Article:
One thing that will definitely perk up your ride is a new set of wheels. Well, being I am as curious as the proverbial cat when it comes to new things, when the opportunity arose to try out a set of SRAM S40, 38mm clinchers, I jumped at the opportunity, courtesy of the kind folks at Tweaked Sports of Glendora, California.
While I really like, and have used Mavic Cosmic Carbones (52mm depth), I was anxious to try out the carbon clinchers offered by SRAM. Unlike the Mavics, which use basically a carbon fairing on an aluminum rim, the SRAM’s use unidirectional, Zipp derived Toroidal cross-section carbon as a structural part of the rim itself (SRAM owns Zipp). The upside - Stiffness and strength. One downside - The tire, tube and rim strip must come off if the need to true the wheel arises (it did – More than once!).
And as for the ride, well, I have been very impressed. While I was also offered a set of S60’s (58mm deep), I am happy to have chosen the S40’s. These things are truly comfy too, with actual, real rolling compliance. Carbon clinchers are a nice, everyone’s version of the Holy Grail of cycling – Carbon Tubulars. While I have not ruled out trying tubulars in the future, the convenience of clinchers is indeed hard to pass up. The advertised weight is 1740 per pair, with stainless, bladed spokes, cartridge bearings, and stainless steel skewers (I now have the Titanium skewers).
In June I did the Ojai, California Century, and even with the weight of the wheels, they performed admirably on the hilly course. However, I broke a spoke off the rear wheel right at Mile 97, just after bombing down Highway 150 (Dennison Grade) into the Ojai Valley. Now, the wheels had a reported habit of breaking spokes in previous generations, and SRAM assured consumers the issue had been rectified. It appears to not be so. An online search unearthed an excessive number of reports on SRAM carbon wheels regarding broken spokes. I, unfortunately, found these reports to be true.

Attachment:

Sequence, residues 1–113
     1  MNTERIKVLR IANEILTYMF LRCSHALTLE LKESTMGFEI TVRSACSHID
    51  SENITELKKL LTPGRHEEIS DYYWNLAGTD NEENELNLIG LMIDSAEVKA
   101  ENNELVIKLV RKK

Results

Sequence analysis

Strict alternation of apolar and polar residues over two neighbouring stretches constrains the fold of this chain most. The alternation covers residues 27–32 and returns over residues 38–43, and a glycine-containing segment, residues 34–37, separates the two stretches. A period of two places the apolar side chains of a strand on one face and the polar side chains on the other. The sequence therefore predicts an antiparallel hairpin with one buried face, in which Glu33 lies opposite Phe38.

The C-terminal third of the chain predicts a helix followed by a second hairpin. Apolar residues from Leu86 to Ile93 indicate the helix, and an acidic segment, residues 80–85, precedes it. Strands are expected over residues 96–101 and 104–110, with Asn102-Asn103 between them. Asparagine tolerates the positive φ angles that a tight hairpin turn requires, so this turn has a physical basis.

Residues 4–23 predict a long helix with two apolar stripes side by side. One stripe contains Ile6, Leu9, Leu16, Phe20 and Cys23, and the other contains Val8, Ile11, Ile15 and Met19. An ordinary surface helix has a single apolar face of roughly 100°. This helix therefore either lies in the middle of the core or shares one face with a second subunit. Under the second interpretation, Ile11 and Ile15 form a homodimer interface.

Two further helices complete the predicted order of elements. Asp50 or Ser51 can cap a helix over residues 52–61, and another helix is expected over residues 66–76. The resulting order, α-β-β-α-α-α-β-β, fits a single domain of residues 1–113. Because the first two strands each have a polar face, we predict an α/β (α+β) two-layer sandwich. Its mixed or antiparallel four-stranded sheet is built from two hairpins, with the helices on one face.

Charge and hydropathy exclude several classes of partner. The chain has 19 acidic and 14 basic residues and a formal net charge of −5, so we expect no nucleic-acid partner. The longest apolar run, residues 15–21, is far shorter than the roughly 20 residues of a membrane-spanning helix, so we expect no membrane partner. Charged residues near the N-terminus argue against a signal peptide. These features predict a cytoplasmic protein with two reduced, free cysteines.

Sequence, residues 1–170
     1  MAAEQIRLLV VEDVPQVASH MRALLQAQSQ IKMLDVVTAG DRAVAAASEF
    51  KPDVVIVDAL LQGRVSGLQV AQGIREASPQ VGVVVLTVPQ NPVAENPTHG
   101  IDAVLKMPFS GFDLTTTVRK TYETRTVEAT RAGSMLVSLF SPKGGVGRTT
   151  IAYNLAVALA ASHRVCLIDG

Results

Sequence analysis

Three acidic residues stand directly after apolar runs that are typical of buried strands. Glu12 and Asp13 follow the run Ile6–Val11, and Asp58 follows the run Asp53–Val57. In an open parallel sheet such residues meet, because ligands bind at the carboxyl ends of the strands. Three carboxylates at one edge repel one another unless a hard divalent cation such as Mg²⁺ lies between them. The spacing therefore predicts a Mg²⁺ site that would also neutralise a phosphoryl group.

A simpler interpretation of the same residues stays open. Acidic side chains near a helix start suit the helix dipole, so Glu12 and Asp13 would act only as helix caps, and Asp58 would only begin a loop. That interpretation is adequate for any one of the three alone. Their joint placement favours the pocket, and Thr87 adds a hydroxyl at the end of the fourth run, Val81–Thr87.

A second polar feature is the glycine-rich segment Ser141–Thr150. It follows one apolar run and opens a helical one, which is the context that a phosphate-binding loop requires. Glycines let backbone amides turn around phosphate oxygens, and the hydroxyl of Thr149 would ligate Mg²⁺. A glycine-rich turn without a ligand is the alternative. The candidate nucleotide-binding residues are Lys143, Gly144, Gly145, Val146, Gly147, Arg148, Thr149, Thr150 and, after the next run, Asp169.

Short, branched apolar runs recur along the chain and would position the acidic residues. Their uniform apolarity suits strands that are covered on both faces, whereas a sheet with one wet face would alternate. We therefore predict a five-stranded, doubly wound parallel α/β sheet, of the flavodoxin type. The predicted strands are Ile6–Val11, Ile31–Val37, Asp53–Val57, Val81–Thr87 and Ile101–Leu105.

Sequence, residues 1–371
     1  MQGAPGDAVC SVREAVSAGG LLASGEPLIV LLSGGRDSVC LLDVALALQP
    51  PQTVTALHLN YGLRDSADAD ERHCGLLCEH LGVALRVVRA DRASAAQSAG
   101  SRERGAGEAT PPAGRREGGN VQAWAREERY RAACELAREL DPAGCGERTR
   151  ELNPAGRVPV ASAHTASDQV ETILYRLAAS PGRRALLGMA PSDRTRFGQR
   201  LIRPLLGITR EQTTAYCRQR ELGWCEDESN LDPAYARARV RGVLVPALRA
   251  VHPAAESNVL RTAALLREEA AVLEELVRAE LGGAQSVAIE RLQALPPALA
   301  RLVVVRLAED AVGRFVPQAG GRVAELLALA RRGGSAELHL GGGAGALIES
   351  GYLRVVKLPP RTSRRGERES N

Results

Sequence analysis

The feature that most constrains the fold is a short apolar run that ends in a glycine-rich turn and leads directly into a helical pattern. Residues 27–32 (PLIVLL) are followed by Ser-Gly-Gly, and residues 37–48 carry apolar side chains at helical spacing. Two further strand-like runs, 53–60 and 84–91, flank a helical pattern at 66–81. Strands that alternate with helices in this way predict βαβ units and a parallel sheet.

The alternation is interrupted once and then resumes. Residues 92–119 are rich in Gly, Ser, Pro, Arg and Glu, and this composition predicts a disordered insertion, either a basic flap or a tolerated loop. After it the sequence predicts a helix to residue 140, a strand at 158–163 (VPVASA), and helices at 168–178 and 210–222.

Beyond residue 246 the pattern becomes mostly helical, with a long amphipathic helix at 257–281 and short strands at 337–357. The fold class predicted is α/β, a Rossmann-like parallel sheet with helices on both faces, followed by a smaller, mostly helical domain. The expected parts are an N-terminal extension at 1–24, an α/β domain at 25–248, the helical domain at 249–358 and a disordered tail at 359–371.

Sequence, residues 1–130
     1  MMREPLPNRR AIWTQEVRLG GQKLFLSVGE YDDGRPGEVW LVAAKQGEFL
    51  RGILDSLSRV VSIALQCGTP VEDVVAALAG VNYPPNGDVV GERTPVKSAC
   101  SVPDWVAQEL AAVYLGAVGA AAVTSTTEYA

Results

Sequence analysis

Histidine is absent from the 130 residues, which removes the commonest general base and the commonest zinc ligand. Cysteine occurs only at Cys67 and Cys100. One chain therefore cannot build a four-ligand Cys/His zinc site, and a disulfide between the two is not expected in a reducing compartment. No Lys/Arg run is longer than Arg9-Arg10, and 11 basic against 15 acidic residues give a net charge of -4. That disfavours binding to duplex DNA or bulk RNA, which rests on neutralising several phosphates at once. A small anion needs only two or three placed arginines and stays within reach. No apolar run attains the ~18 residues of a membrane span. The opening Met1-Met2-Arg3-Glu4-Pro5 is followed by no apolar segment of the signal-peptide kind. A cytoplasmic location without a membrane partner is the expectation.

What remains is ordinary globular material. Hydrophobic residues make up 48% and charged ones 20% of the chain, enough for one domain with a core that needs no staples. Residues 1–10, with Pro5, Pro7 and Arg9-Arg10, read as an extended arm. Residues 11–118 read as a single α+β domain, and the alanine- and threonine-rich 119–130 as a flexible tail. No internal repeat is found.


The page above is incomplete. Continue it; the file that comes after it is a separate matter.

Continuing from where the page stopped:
The real bummer was dealing with SRAM – Sort of. The originating wheel shop seemed to have problems getting any action on replacement spokes, however, I am not too sure that SRAM was completely culpable there. Tweaked Sports told me two complete sets of spokes (front and rear) were on their way, and that never panned out. So, I turned to Michael at Pasadena Cyclery, and he had a replacement set on the way the next day. Well, again, sort of. He was told that a complete set of spokes for the rear would be coming, but that in actuality turned into three (3) spokes in total. Instructions were to replace the broken spoke and the two adjacent ones.
OK, so I had this done along with a front and rear truing. I had four rides on them and about 200 miles (about 1000 miles total out of the box) since repair and truing, when I recently discovered the rear was out of true again (loose spoke). Now, I understand that not all is perfect out of the box, but c’mon, SRAM! Did you not learn anything from the numerous issues listed on the good ‘ol World Wide Web?
Well, it remains to be seen how these wheels will play out in the long run. They do roll smooth and true, that is, when they REMAIN smooth and true. I will see how it goes from here and report back if necessary.
The sucky part was being off of the wheels for two and half months. No one should have to experience that as a consumer.
The fact the wheels look so darn cool should dull the pain a little.
Till next time.